P&id analisis y diseño

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PID Control System Control System Analysis and Design
PROBLEMS, REMEDIES, AND FUTURE DIRECTIONS
By YUN LI, KIAM HEONG ANG, and GREGORY C.Y. CHONG

W
32 IEEE CONTROL SYSTEMS MAGAZINE

ith its three-term functionality offering treatment of both transient and steady-state responses, proportional-integral-derivative (PID) control provides a generic and efficient solution to realworld controlproblems [1]–[4]. The wide application of PID control has stimulated and sustained research and development to “get the best out of PID’’ [5], and “the search is on to find the next key technology or methodology for PID tuning” [6]. This article presents remedies for problems involving the integral and derivative terms. PID design objectives, methods, and future directions are discussed.Subsequently, a computerized, simulation-based approach is presented, together with illustrative design results for first-order, higher order, and nonlinear plants. Finally, we discuss differences between academic research and industrial practice, so as to motivate new research directions in PID control.

STANDARD STRUCTURES OF PID CONTROLLERS Parallel Structure and Three-Term Functionality
The transferfunction of a PID controller is often expressed in the ideal form

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FEBRUARY 2006

1066-033X/06/$20.00©2006IEEE

© IMAGESTATE

GPID (s) =

1 U(s) = KP 1 + + TD s , E(s) TI s

(1)

where GPD (s) and GPI (s) are the factored PD and PI parts of the PID controller, respectively, and α= 1± √ 1 − 4TD /TI > 0. 2

where U(s) is the control signal acting on the error signal E(s), KP isthe proportional gain, TI is the integral time constant, TD is the derivative time constant, and s is the argument of the Laplace transform. The control signal can also be expressed in three terms as 1 U(s) = KP E(s) + KI E(s) + KD sE(s) s = UP (s) + UI (s) + UD (s),

THE INTEGRAL TERM Destabilizing Effect of the Integral Term

(2)

Referring to (1) for TI = 0 and TD = 0, it can be seenthat adding an integral term to a pure proportional term increases the gain by a factor of

where KI = KP /TI is the integral gain and KD = KP TD is the derivative gain. The three-term functionalities include: 1) The proportional term provides an overall control action proportional to the error signal through the allpass gain factor. 2) The integral term reduces steady-state errors throughlow-frequency compensation. 3) The derivative term improves transient response through high-frequency compensation. A PID controller can be considered as an extreme form of a phase lead-lag compensator with one pole at the origin and the other at infinity. Similarly, its cousins, the PI and the PD controllers, can also be regarded as extreme forms of phaselag and phase-lead compensators, respectively.However, the message that the derivative term improves transient response and stability is often wrongly expounded. Practitioners have found that the derivative term can degrade stability when there exists a transport delay [4], [7]. Frustration in tuning KD has thus made many practitioners switch off the derivative term. This matter has now reached a point that requires clarification, as discussedin this article. For optimum performance, KP, KI (or TI ), and KD (or TD) must be tuned jointly, although the individual effects of these three parameters on the closedloop performance of stable plants are summarized in Table 1.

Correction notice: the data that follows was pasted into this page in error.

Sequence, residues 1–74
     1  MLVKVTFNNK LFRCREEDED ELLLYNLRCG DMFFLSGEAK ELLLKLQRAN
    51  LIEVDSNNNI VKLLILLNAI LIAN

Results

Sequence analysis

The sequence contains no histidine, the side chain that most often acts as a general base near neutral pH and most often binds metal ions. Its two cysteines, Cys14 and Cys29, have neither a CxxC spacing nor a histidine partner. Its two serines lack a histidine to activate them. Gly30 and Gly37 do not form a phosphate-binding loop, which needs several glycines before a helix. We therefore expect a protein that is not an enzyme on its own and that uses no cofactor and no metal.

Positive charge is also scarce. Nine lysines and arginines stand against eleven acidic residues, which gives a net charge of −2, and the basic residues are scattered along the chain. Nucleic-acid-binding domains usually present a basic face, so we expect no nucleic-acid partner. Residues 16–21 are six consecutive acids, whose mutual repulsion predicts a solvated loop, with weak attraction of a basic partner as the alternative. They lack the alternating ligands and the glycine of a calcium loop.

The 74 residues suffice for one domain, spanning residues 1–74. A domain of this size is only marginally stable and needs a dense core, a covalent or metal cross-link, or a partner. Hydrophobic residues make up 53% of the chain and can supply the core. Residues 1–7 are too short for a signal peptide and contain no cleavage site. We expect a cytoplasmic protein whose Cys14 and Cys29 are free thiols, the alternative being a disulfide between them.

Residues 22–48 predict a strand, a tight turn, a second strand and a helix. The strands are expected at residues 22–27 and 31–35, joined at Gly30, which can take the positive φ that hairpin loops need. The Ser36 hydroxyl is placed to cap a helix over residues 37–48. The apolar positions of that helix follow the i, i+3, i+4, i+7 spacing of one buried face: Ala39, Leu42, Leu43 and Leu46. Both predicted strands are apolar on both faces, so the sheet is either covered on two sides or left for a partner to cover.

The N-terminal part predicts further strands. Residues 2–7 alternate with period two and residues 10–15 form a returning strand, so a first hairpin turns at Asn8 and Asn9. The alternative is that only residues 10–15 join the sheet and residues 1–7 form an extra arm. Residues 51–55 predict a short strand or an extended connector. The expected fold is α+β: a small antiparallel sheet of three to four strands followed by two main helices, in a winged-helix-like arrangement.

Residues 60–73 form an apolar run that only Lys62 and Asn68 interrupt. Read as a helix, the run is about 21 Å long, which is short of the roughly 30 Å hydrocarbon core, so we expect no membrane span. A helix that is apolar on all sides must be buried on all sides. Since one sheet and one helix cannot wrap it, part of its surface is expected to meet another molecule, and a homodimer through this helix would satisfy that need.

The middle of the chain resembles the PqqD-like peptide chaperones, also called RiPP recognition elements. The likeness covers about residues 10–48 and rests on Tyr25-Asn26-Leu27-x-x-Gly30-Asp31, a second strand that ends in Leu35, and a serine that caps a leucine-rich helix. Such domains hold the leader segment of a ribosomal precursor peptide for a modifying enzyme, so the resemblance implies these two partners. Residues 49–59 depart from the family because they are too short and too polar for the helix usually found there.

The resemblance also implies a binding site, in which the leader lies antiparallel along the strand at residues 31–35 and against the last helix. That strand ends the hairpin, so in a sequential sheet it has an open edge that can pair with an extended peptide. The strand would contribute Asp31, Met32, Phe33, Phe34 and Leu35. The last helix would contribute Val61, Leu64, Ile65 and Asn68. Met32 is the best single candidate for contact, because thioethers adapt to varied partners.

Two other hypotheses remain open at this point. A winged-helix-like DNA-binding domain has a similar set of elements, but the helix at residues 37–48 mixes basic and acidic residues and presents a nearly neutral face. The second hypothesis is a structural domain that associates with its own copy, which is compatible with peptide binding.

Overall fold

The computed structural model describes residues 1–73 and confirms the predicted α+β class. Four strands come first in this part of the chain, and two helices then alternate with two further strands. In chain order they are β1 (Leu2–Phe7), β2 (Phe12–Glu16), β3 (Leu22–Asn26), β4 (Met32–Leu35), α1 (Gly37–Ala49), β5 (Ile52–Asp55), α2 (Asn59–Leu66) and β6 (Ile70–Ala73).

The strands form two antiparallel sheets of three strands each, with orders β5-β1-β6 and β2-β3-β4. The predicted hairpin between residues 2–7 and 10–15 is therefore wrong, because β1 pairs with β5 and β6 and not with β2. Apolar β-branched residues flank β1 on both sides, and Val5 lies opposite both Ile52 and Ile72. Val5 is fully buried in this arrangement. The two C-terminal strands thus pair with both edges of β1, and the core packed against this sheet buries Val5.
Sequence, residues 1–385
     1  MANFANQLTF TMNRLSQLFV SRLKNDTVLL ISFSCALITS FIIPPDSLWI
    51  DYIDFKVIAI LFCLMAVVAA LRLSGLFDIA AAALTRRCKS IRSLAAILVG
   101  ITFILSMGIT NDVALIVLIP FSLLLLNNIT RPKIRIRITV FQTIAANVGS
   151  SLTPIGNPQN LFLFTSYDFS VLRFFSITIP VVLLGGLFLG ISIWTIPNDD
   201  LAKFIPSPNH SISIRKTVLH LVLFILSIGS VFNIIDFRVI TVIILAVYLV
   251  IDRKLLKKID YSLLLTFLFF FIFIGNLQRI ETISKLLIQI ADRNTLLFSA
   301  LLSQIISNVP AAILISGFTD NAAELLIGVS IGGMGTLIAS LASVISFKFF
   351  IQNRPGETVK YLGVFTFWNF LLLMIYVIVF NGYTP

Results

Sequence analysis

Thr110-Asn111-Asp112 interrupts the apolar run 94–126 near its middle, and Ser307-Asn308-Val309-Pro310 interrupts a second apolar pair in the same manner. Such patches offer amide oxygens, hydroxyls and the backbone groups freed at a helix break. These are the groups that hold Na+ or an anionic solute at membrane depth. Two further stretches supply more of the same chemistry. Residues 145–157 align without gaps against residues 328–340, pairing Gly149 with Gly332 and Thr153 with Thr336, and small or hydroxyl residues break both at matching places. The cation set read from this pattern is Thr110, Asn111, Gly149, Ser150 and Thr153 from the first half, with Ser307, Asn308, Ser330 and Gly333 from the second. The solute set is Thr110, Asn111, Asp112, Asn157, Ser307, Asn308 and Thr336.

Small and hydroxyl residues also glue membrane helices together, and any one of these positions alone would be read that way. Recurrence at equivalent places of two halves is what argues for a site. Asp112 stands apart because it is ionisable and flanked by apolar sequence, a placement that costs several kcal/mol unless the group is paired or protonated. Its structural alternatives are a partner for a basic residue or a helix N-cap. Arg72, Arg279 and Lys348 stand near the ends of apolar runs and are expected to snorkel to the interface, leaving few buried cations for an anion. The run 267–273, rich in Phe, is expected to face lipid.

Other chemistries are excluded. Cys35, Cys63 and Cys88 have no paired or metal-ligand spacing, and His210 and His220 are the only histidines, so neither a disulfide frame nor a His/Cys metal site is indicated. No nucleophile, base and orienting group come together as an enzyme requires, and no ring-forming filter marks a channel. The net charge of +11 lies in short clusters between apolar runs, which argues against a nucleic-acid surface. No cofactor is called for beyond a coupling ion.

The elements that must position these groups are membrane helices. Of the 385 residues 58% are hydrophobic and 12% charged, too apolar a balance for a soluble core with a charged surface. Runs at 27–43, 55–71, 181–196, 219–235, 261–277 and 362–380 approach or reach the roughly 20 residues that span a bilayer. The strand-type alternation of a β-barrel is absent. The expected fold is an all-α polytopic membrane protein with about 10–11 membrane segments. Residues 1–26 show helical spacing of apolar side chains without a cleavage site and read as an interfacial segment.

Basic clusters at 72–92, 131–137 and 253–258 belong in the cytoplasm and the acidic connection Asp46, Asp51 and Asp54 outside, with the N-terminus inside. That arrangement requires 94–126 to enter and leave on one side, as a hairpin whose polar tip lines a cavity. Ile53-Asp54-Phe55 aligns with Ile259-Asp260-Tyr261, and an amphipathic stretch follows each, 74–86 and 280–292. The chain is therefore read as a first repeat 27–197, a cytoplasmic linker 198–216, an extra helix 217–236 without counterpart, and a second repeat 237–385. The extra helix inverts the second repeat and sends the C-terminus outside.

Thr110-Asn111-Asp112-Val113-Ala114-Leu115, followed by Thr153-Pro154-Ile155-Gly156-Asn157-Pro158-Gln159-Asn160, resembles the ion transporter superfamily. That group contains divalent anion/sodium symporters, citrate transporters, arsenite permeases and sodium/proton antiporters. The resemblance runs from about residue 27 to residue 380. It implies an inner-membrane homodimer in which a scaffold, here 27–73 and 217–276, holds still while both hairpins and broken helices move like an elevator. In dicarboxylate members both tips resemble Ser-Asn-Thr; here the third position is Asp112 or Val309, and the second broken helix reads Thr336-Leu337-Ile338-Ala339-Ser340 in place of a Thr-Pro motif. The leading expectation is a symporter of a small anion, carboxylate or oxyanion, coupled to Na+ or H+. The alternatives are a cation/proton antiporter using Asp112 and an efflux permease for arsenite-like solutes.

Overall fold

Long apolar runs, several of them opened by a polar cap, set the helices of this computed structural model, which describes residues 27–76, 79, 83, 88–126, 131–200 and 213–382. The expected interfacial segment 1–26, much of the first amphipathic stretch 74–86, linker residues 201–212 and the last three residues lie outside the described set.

1+

1 = jωTI

1+

1 > 1, for all ω, 2 ω2 TI

(5)

and simultaneously increases the phase-lag since 1+ 1 jωTI = tan−1 −1 ωTI < 0, for all ω. (6)

Hence, bothgain margin (GM) and phase margin (PM) are reduced, and the closed-loop system becomes more oscillatory and potentially unstable.

Integrator Windup and Remedies
If the actuator that realizes the control action has saturated range limits, and the saturations are neglected in a linear control design, the integrator may suffer from windup; this causes low-frequency oscillations and leads to...
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